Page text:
Lately it seems there are weekly recalls in the pet food industry; contamination with euthanasia solution, bacteria, or endotoxins, over or under-supplementation of vitamins and minerals, and inclusion of foreign material in food may all result in a recall. If it feels like there have been more raw pet food recalls than kibble recalls for bacterial contamination, you are absolutely correct. FDA and state authorities have been selecting more raw foods for testing than any other type of food for at least the past year. The reason for the targeting is that FDA has set a zero tolerance level for bacteria in raw pet food. Some believe the raw food manufacturers are being targeted because the big three kibble-based manufacturers have a large lobbying group that talks to government officials. There certainly is no large lobbying power (although a new group has been formed to represent them) for the small raw food manufacturers.

But who decides whether a product should be recalled? Do animals or people have to get sick or die in order for a recall to occur? Is it up to the government or the pet food company to issue the recall? Recalls may be conducted by a company’s own initiative, by FDA request, or by FDA order under statutory authority. In a nutshell, a voluntary recall can be put into effect by either the company which made the product or U.S. regulatory authorities. A mandatory recall is issued by the U.S. government. The most recent recalls listed on the FDA website include:

Date Brand Name Product Description Reason/ Problem Company
01/31/2019 Hill’s Science Diet Canned Dog Food Elevated Vitamin D levels Hill’s Pet Nutrition
12/28/2018 Purina Lamb chow Elevated copper level Purina Animal Nutrition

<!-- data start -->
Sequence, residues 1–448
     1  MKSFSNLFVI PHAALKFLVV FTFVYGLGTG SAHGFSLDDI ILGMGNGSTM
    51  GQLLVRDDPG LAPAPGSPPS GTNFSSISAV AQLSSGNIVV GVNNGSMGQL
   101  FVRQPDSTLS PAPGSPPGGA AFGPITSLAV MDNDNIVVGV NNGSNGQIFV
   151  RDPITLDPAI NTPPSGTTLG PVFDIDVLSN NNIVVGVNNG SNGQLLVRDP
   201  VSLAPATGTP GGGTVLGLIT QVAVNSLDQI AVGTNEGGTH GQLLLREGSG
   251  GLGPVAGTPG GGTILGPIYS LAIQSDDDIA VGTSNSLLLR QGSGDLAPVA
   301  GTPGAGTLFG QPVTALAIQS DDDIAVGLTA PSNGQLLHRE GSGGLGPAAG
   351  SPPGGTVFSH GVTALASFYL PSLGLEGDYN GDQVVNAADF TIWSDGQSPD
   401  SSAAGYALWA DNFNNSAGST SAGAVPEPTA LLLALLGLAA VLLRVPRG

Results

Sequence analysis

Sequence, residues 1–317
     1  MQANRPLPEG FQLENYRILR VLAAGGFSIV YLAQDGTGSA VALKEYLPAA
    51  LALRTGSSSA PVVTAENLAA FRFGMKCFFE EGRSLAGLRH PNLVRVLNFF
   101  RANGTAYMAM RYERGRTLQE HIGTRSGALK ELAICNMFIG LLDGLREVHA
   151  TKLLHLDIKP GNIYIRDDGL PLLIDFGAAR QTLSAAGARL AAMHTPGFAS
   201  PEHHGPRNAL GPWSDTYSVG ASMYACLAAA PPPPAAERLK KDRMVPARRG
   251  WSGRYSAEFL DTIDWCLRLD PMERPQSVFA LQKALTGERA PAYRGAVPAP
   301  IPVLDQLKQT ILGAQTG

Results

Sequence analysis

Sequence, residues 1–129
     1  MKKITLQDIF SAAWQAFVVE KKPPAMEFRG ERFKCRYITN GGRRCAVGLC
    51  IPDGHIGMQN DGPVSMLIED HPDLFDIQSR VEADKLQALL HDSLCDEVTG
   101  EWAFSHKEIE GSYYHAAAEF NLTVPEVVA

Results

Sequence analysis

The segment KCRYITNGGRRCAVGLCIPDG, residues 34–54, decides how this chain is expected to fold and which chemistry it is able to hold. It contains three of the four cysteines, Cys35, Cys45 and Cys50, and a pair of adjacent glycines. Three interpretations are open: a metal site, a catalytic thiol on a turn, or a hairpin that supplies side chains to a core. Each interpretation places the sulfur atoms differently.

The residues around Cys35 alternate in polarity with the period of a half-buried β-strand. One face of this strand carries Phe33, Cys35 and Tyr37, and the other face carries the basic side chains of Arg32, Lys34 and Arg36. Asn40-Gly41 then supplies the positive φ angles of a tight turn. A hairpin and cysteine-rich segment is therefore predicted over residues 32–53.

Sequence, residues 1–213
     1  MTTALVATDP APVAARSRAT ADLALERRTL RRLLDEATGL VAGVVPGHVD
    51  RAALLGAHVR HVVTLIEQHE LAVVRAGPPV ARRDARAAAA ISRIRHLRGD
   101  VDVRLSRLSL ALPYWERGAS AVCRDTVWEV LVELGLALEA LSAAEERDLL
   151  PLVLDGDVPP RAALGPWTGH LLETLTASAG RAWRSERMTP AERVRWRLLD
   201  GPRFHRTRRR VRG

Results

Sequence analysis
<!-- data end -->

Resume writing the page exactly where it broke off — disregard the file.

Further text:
12/21/2018 Columbia River Natural Pet Foods Dog and Cat fresh frozen meats Potential to be contaminated with Salmonella and Listeria monocytogenes Columbia River Natural Pet Foods
12/07/2018 9Lives Cat food Low levels of Thiamine J.M Smuckers Company
12/05/2018 Columbia River Natural Pet Foods Frozen meat product for dogs and cats Listeria monocytogenes Columbia River Natural Pet Foods
12/05/2018 Abound Chicken & Brown Rice Recipe dog food Elevated level of Vitamin D King Soopers
12/05/2018 Abound Chicken & Brown Rice Recipe dog food Elevated level of Vitamin D The Kroger Company
11/29/2018 Elm Pet Foods Pet Food Elevated levels of Vitamin D ELM Pet Foods
11/28/2018 ANF Lamb and Rice Dry Dog Food Elevated Levels of Vitamin D ANF, Inc
11/27/2018 Evolve, Sportsman’s Pride, and Triumph Dry Dog Food Potentially elevated levels of Vitamin D Sunshine Mills Inc.

The list posted above is from the FDA website. It does NOT indicate whether the recalls were voluntary or mandatory, unless you click on the highlighted individual companies. (All I could find were voluntary recalls, which means the FDA applied some pressure and the companies opted to recall without FDA issuing a mandatory recall.)One glance shows many companies affected by elevated levels of Vitamin D. Large recalls involving many brands occur commonly when a common source of vitamin/mineral pre-mix or meat meal ingredient is shared by multiple companies. In this case, somewhere along the way the vitamin premix had too much Vitamin D added, causing many brands to be recalled. Sadly, the elevated levels were known as far back as November 2nd, yet Hill’s was not recalled until the end of January. That means, for three extra months, pets were exposed to life threatening levels of excess Vitamin D, which can cause high levels of calcium, kidney stones, kidney failure, seizures, and death. Clearly, if the same premix was used by Hill’s, they should have been aware of the issue months earlier. (As of this writing, no one has publicly said where the initial premix was made.)

The big question: when FDA applies pressure, does the company have to issue a recall? The answer is NO. Right now, Answers Pet Food and Hare Today Gone Tomorrow are fighting back. They were both targeted as raw food companies for bacterial testing. Thankfully, these two companies were strong enough to question testing methods, request samples for testing, and tested their own batches of the same food regulatory officials confiscated. They were able to show inconsistencies in handling and testing. If more companies can follow through in this manner, perhaps the playing field will get leveled. We have a long way to go.